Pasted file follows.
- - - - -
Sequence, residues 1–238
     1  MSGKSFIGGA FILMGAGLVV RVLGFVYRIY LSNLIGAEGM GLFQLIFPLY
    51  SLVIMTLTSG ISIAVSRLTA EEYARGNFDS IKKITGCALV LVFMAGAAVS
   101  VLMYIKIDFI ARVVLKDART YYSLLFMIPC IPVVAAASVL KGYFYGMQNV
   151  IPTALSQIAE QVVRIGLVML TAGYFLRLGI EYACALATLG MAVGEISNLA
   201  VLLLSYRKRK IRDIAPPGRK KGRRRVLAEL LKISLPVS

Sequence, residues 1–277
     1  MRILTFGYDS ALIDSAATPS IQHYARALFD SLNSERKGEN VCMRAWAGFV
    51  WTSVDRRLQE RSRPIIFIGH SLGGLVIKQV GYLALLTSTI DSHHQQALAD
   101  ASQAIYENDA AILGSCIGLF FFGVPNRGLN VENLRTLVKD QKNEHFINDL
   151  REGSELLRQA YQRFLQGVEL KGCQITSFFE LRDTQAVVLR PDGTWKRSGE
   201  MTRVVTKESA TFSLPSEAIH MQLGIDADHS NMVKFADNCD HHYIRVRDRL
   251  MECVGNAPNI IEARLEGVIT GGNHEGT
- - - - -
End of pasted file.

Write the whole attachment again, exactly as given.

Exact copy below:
Sequence, residues 1–238
     1  MSGKSFIGGA FILMGAGLVV RVLGFVYRIY LSNLIGAEGM GLFQLIFPLY
    51  SLVIMTLTSG ISIAVSRLTA EEYARGNFDS IKKITGCALV LVFMAGAAVS
   101  VLMYIKIDFI ARVVLKDART YYSLLFMIPC IPVVAAASVL KGYFYGMQNV
   151  IPTALSQIAE QVVRIGLVML TAGYFLRLGI EYACALATLG MAVGEISNLA
   201  VLLLSYRKRK IRDIAPPGRK KGRRRVLAEL LKISLPVS

Sequence, residues 1–277
     1  MRILTFGYDS ALIDSAATPS IQHYARALFD SLNSERKGEN VCMRAWAGFV
    51  WTSVDRRLQE RSRPIIFIGH SLGGLVIKQV GYLALLTSTI DSHHQQALAD
   101  ASQAIYENDA AILGSCIGLF FFGVPNRGLN VENLRTLVKD QKNEHFINDL
   151  REGSELLRQA YQRFLQGVEL KGCQITSFFE LRDTQAVVLR PDGTWKRSGE
   201  MTRVVTKESA TFSLPSEAIH MQLGIDADHS NMVKFADNCD HHYIRVRDRL
   251  MECVGNAPNI IEARLEGVIT GGNHEGT